Yesterday I went to Elberton, GA on about 400 acres of private land in my in-laws family for my first hunt, during the post-rut. The winds were about 6mph out of the east, slightly overcast, about 39 in the morning, 50 in the afternoon. I went with my bro-in-law and we took up positions under a powerline, his firing lane aimed away from me on the other side of a hill, my firing lane aimed opposite direction on the other slope, basically back-to-back. I was using a Kimber 334M Classic .308 Winchester (bolt action). We got there before dawn, about 5am and I settled into a blind chair, my shooting sticks setup.
I tried my hardest not to shift about, and glassed the valley looking for deer. The first thing I heard as the early morning light rose was a big turkey goobling up a storm as he came down from his roost, followed by the chirping of some hens. Of course, it could have been a hunter, but as it lasted only a few minutes and didn’t repeat, I’m fairly certain it was a turkey. I learned later that turkeys had been seen in that area before too. A good excuse to visit the area again with a shotgun.
After a about 3 hours, I was a bit perplexed, no does, no bucks. The previous day we had a storm and so we both believed there’d be deer up and about, hungry after having to bed down all day. I could hear dozens of shots from every direction at varying distances, half a mile, many miles away. Clearly the early morning hunting was going well for others, but I kept wondering if I was being nosed out by the deer. I did my best to reduce my scent, but hey, a deer has about 100x better smell than humans. After a break for lunch we were back in the blind around 2pm and stayed til dark. Still no deer. My hunting partner did spot a doe, but due to a misfire, couldn’t harvest it. About an hour before dusk, there was a big crash in the woods a few hundred yards to the right of my blind. Several crows flew up out of the woods and I could hear yapping, coyotes! Figures, we’d seen tracks and scat. Perhaps there presence had put the deer off on my side of the hill? After a while, all was quiet again.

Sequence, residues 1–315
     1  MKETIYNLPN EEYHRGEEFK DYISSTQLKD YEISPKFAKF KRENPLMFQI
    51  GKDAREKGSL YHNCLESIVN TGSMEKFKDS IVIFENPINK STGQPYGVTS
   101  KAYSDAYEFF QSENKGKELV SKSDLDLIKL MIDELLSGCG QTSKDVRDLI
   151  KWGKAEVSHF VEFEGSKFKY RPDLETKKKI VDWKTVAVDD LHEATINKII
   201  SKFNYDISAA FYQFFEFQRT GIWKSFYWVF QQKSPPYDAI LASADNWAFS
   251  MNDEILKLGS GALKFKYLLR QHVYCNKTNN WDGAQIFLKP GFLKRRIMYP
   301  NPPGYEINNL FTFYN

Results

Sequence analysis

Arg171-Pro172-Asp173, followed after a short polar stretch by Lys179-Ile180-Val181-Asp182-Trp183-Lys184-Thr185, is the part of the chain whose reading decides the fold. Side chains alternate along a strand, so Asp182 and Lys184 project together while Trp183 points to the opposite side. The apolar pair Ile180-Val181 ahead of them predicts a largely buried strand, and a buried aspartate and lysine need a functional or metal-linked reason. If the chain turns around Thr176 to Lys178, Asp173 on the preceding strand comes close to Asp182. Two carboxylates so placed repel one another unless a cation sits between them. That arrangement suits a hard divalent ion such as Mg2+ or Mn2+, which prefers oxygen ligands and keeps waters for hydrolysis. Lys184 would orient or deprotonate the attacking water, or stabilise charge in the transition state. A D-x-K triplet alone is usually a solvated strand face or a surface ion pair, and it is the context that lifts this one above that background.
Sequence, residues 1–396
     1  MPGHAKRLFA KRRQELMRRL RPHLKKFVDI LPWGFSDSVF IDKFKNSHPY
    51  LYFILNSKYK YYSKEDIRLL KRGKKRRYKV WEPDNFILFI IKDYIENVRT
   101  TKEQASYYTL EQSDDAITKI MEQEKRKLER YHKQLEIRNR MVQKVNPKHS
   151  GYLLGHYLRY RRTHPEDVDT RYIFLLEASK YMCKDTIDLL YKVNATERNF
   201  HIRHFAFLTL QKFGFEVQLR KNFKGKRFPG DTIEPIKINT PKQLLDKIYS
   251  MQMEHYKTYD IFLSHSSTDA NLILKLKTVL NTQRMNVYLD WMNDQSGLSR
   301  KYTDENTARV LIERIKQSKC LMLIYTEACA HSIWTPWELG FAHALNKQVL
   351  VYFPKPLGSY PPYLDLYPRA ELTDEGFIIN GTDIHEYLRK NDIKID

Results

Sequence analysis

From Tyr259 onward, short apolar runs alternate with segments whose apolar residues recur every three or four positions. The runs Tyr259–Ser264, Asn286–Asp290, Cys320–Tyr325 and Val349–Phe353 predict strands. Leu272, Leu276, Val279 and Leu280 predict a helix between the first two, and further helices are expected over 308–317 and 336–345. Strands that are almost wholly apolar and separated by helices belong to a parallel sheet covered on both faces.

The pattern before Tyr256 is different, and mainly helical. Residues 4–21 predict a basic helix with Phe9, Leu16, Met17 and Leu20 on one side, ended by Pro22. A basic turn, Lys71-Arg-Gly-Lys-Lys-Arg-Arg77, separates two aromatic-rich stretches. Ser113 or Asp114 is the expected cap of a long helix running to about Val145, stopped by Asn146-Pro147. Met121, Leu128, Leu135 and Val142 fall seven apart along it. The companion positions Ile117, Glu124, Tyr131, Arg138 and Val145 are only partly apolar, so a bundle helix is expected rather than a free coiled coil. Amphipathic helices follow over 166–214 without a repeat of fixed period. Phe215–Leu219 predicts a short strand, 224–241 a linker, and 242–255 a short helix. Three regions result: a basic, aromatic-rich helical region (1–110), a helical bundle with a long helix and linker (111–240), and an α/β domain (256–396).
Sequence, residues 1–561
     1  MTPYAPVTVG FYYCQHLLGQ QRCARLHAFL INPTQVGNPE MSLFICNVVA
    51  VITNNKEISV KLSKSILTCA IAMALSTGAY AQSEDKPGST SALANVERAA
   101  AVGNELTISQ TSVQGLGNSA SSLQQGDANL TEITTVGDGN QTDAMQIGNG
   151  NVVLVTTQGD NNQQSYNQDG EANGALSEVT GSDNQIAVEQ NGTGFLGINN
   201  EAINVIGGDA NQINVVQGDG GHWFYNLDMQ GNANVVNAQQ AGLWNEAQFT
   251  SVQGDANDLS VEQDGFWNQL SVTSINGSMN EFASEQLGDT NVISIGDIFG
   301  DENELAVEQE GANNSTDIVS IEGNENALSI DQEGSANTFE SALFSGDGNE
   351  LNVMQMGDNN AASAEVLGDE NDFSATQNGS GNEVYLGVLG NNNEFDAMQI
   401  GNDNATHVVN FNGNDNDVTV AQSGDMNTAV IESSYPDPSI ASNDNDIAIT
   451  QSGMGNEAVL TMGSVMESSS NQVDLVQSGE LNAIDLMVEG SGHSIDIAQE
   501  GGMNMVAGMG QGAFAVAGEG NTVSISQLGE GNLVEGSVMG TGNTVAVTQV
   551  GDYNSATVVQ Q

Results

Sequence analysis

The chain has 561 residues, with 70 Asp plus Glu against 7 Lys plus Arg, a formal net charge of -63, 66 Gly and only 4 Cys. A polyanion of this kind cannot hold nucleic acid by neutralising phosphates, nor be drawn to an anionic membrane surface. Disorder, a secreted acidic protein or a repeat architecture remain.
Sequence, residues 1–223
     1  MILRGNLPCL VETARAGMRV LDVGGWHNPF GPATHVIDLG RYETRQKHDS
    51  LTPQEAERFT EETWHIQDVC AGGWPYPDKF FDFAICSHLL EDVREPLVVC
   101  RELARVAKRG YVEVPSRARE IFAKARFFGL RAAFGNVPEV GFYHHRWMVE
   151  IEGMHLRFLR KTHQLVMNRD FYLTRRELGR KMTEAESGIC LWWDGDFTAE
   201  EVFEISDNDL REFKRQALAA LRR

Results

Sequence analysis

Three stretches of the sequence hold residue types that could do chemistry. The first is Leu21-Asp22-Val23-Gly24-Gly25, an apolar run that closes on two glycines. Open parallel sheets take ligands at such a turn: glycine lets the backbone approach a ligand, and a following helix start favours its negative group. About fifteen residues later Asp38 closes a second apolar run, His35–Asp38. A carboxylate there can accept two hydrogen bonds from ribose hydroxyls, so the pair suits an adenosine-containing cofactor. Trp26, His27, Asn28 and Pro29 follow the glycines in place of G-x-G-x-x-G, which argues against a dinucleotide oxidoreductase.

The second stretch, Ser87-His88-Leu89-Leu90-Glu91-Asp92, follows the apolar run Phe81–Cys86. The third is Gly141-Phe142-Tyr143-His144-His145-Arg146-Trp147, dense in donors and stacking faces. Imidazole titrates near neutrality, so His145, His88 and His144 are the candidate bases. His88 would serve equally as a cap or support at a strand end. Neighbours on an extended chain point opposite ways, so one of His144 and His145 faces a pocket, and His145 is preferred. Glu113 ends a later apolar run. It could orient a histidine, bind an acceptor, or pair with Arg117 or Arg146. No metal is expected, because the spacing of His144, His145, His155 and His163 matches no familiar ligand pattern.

All in all, it was a day meant to reinforce one of the key rules of hunting, patience. I was lucky to have great weather and at dusk, with no deer, we set out to do a little target practice. I still have a minor flinch, but with the trigger pressure set to 2lbs on the Kimber, I was able to squeeze and not be aware when the shot would fire, and so my aim improved. The modified Winchester had a kick, but the recoil was very manageable.
Though I didn’t harvest a deer, and frankly I gave myself a 20% chance being a new hunter, I had a fantastic time out and was lucky to be able to hunt before the season ended. I’m looking forward to getting on the range in 2012, improving my skill with a rifle, taking some additional courses for my next hunt.